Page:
[ in-suh b-stan-shuh l ]
/ ˌɪn səbˈstæn ʃəl /


not substantial or real; lacking substance: an insubstantial world of dreams.
not solid or firm; weak; flimsy.
not substantial in amount or size; inconsiderable: an insubstantial sum.

Origin of insubstantial

From the Late Latin word insubstantiālis, dating back to 1600–10. See in-3, substantial
Related formsin·sub·stan·ti·al·i·ty, nounin·sub·stan·tial·ly, adverb Unabridged Based on the Random House Unabridged Dictionary, © Random House, Inc. 2019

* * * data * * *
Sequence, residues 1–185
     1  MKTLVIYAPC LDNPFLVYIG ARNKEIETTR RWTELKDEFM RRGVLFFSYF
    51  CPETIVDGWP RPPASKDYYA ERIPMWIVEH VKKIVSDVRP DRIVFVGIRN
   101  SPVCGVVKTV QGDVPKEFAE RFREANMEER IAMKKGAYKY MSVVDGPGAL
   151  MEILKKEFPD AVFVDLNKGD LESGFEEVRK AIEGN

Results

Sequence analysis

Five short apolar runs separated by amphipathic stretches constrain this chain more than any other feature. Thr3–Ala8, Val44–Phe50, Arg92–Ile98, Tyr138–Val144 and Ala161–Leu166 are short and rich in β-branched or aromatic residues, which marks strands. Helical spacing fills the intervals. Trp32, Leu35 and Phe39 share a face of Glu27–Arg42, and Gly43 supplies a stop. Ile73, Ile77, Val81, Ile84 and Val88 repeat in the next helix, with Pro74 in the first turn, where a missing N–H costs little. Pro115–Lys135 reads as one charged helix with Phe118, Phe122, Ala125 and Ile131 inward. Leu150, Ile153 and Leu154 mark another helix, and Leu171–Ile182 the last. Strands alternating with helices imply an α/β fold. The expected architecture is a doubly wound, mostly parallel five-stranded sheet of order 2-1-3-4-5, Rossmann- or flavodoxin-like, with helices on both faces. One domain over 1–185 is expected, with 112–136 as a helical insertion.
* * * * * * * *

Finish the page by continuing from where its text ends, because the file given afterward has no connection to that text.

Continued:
Examples from the Web for insubstantial

British Dictionary definitions for insubstantial


/ (ˌɪnsəbˈstænʃəl) /


not substantial; flimsy, tenuous, or slight
imaginary; unreal
Derived Formsinsubstantiality, nouninsubstantially, adverb
Collins English Dictionary - Complete & Unabridged 2012 Digital Edition © William Collins Sons & Co. Ltd. 1979, 1986 © HarperCollins Publishers 1998, 2000, 2003, 2005, 2006, 2007, 2009, 2012

Word Origin and History for insubstantial



c.1600, from Medieval Latin insubstantialis, from in- "not" (see in- (1)) + substantialis (see substantial). Related: Insubstantially.

Online Etymology Dictionary, © 2010 Douglas Harper